Monday, May 27, 2013

Company name changes

company name change
Late last year I wrote about an issue that my wife had with LivingSocial and a Twin Cities-based Zerona laser treatments provider named Maple Grove Wellness.

Since that post, Maple Grove Wellness changed its name to Non-Surgical Clinic of the Twin Cities. I read many other complaints online related to Zerona laser treatments and LivingSocial deals with Maple Grove Wellness, so I'm assuming that the provider changed its name to just start over with its reputation.

Sometimes that's what it takes. On a bigger scale, here's a look at some companies who changed their names presumably to avoid future controversy:
  • ValuJet Airlines -- This low-cost airline carrier ran into reputation problems because of emergency landings, issues with quality assurance procedures, and one of the highest accident rates in the low-fare sector. The highest-profile incident with ValuJet came on May 11, 1996, when a plane flying from Miami to Atlanta crashed in the Florida Everglades, killing all 110 persons on board. ValuJet's reputation never recovered, and the airline merged with the much smaller parent company of AirTran Airways. After the 1997 merger, the ValuJet name disappeared. AirTran Airways was acquired by Southwest Airlines in 2011.
  • Philip Morris Companies Inc. -- While the official reason for the name change in 2003 to Altria was to provide greater "clarity" reflecting the "evolution" of the company, the organization most likely just wanted to distance itself from publicity nightmares -- such as then company president William Campbell's 1994 sworn testimony to Congress that "I believe nicotine is not addictive."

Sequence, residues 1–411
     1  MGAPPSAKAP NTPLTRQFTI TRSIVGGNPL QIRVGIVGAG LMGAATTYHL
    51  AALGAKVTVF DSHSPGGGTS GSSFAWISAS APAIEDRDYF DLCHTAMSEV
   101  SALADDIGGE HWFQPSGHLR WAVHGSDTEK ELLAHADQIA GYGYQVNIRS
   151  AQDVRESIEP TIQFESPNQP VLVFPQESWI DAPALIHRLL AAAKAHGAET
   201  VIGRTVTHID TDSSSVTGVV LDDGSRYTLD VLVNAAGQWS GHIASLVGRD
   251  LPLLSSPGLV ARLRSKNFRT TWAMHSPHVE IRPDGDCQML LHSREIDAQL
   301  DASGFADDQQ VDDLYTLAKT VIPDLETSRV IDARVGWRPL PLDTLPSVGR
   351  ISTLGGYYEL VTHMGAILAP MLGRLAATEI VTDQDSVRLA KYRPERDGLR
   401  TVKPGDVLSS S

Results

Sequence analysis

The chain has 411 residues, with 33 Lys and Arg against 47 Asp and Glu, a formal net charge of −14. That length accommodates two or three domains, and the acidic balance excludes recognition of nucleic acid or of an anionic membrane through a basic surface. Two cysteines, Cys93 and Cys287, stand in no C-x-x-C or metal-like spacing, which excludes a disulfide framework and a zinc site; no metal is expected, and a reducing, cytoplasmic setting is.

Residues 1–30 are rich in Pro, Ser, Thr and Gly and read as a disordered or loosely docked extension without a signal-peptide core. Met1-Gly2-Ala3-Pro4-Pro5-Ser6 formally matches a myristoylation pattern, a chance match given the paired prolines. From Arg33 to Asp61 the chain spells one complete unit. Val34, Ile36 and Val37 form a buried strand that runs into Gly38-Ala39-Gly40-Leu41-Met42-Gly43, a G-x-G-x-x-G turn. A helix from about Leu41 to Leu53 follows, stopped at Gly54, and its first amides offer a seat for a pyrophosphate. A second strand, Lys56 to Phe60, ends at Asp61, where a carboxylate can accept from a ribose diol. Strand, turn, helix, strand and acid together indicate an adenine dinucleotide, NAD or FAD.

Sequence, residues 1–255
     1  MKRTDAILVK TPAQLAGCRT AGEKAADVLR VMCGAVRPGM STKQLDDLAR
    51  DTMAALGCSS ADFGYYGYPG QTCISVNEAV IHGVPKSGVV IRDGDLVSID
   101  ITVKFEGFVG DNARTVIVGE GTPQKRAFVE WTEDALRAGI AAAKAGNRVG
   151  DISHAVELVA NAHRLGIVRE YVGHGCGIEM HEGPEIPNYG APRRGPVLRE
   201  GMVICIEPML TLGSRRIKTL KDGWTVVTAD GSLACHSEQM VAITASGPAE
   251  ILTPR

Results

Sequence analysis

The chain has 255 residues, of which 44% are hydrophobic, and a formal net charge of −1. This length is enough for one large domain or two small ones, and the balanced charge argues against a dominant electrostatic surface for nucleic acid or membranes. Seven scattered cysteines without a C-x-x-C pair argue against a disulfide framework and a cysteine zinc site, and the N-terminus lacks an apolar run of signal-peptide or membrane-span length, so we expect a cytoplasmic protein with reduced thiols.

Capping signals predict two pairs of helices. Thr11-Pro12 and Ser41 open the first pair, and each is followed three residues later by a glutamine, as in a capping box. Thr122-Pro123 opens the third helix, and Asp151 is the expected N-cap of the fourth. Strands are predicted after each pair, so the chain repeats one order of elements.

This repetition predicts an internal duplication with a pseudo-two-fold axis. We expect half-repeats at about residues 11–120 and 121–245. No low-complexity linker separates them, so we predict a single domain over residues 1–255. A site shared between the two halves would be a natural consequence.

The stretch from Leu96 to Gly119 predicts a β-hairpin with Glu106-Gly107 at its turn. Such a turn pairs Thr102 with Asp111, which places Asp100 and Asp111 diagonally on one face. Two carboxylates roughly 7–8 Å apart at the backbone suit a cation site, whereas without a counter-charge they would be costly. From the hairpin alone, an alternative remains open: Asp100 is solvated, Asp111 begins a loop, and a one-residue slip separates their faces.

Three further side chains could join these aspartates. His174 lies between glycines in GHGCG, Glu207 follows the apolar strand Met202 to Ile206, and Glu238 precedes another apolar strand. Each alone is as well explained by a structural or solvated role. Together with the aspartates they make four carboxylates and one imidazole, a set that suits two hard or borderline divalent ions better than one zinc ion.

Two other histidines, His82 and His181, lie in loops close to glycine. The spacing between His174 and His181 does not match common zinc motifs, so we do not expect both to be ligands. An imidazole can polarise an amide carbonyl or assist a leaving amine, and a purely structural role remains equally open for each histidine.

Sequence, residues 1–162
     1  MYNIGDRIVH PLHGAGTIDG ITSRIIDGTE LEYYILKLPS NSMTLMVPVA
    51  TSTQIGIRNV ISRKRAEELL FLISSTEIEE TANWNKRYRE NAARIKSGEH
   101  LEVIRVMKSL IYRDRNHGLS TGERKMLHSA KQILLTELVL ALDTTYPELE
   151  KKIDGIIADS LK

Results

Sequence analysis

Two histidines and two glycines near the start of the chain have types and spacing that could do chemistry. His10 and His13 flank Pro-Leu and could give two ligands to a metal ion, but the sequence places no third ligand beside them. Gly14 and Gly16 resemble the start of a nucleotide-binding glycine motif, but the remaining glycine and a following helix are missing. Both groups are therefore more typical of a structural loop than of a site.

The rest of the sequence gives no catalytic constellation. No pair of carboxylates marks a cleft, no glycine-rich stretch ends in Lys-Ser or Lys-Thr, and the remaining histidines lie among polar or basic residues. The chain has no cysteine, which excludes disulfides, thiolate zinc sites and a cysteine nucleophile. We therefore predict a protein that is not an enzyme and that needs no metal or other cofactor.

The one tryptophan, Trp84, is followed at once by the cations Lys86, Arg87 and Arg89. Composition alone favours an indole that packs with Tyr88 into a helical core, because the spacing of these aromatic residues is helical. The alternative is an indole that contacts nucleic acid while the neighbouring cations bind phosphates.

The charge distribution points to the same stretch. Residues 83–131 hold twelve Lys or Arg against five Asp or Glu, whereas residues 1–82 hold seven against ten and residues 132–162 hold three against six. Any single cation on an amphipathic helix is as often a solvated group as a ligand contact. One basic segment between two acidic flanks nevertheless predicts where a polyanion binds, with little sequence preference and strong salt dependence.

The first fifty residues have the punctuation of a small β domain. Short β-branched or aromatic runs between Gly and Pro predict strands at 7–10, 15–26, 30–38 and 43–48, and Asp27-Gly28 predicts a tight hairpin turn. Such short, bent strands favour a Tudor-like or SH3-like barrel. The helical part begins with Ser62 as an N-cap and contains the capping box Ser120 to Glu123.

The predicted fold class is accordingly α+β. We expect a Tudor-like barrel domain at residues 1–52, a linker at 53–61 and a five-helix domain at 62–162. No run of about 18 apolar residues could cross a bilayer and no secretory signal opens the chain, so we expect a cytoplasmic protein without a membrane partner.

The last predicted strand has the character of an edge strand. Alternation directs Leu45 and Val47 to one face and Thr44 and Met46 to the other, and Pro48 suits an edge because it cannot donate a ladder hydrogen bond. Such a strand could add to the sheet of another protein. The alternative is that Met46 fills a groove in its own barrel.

• Blackwater -- The company changed its name to Xe Services LLC in an attempt to leave behind issues from the Iraq War, such as charges related to a 2007 shooting that left 17 unarmed Iraqi civilians dead. In 2011, the company changed its name again -- this time to Academi.
Some company name changes are just plain dumb, such as Netflix's abandoned plan to change the name of its DVD-by-mail service to Qwikster. Or how about when Canada's Conservative Party and Reform Party merged to form the Conservative Reform Alliance Party (C.R.A.P.)? Realizing their mistake, that name quickly was changed to Canadian Reform Conservative Alliance.
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